Nearly two-thirds of voters oppose planned hikes in green taxes – and back David Cameron to ‘roll back’ the levies.
A total of 60 per cent of voters object to the charges, which will hit households with an extra £270 per year on their energy bills by 2020. Just 18 per cent support the taxes.
The findings, in a Survation poll, come after a week in which double-digit hikes by the energy companies dominated debate at Westminster.
But our survey reveals Mr Cameron’s promise last week to cut the levies is backed by more people (40 per cent) than Mr Miliband’s freeze (33 per cent). And only seven per cent back Mr Clegg.
The public seem sceptical about whether Mr Miliband’s freeze is workable: a majority, 54 per cent, think the energy companies will just hike their prices before or after the freeze to compensate for lost revenues.
The Mail on Sunday poll shows 61 per cent support for Mr Cameron’s move, against just 11 per cent who want to keep the taxes in place.
The energy firms say the compulsory levies – such as the £33 which the typical family pays each year in subsidies for wind farms and solar parks – have contributed to their price rises.
Last week ex-Prime Minister Sir John Major warned surging bills meant that millions of people would face a choice between ‘heating and eating’ this winter.
A total of 38 per cent of those asked by Survation said they have already had to cut back on essential purchases such as food to afford their heating bills.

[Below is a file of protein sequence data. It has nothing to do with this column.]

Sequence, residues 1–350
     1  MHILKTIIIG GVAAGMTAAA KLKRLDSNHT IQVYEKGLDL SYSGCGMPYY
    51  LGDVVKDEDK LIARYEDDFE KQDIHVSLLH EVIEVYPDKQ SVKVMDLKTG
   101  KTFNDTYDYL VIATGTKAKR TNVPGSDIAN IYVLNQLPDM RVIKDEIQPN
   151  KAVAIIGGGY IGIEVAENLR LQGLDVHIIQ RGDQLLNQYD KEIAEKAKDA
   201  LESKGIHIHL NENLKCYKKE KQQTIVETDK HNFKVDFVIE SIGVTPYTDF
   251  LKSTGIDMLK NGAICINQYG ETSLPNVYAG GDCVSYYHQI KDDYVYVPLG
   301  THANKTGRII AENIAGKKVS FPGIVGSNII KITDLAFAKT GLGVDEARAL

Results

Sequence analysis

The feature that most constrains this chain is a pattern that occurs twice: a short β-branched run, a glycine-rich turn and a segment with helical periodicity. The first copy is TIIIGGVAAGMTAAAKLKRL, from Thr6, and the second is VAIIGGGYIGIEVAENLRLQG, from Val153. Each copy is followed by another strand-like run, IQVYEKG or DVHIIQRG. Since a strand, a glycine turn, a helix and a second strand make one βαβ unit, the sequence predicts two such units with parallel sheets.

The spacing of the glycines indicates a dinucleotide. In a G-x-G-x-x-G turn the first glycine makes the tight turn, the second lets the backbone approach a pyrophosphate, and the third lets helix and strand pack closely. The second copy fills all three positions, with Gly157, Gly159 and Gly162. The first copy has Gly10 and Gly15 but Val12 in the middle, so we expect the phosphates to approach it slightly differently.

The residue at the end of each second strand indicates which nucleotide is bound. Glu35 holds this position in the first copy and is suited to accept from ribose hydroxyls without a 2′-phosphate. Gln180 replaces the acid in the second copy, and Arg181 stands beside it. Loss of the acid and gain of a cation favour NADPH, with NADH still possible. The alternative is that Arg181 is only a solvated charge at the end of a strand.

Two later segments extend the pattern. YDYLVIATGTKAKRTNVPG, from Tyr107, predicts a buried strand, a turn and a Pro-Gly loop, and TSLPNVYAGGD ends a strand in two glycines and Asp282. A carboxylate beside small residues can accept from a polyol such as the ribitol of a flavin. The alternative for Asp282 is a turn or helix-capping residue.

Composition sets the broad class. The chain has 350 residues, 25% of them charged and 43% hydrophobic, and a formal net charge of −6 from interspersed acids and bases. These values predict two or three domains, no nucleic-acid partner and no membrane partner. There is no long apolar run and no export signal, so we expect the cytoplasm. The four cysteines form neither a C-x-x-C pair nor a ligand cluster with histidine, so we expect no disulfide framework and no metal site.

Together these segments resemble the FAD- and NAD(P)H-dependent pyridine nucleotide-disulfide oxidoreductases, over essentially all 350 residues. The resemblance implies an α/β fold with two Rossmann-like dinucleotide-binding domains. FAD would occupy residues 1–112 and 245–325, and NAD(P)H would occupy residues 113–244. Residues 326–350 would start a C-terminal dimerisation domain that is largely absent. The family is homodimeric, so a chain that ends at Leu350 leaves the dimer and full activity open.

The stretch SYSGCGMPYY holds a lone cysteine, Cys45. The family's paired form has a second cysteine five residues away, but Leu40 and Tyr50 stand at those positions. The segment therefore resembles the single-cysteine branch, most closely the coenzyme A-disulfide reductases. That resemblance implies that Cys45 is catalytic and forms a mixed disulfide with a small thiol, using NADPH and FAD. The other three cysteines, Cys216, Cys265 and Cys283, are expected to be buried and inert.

This rises to 56 per cent of those in the poorest social groups. If extrapolated to the nation at large, it would mean 19 million people have had to choose between ‘heating and eating’.
It is clear from the poll who voters blame for the hikes: 59 per cent cite the firms while just 15 per cent blame the Government.
The same proportion blames the last Labour Government.
The poll has Labour on 35 per cent, the Tories 29, the Lib Dems on 12 and UKIP 17.
Survation interviewed 1,000 people on Friday.
… but new Energy Bill subsidy pledge means costs WILL rise
Electricity costs are still certain to rise massively over the next seven years to pay for the shift to renewable energy – even if David Cameron succeeds in his plan to trim green levies, writes David Rose.
The reason is the new Energy Bill which commits Britain to colossal increases in subsidies for renewables such as wind and solar power. A Department of Energy and Climate Change document says the subsidies will rise steadily from about £2.35 billion now to £7.6 billion in 2020-21.
Energy expert Peter Atherton, of Liberum Capital, says green levies are likely to cost households an average of £400 a year just for electricity – minus mall reductions Mr Cameron hopes to make by trimming the budget for items such as insulation.
These eye-watering sums are the consequence of Britain’s earlier pledge to cut overall carbon dioxide emissions by 15 per cent by 2020, enshrined in the 2008 Climate Change Act – piloted by then Energy Secretary Ed Miliband.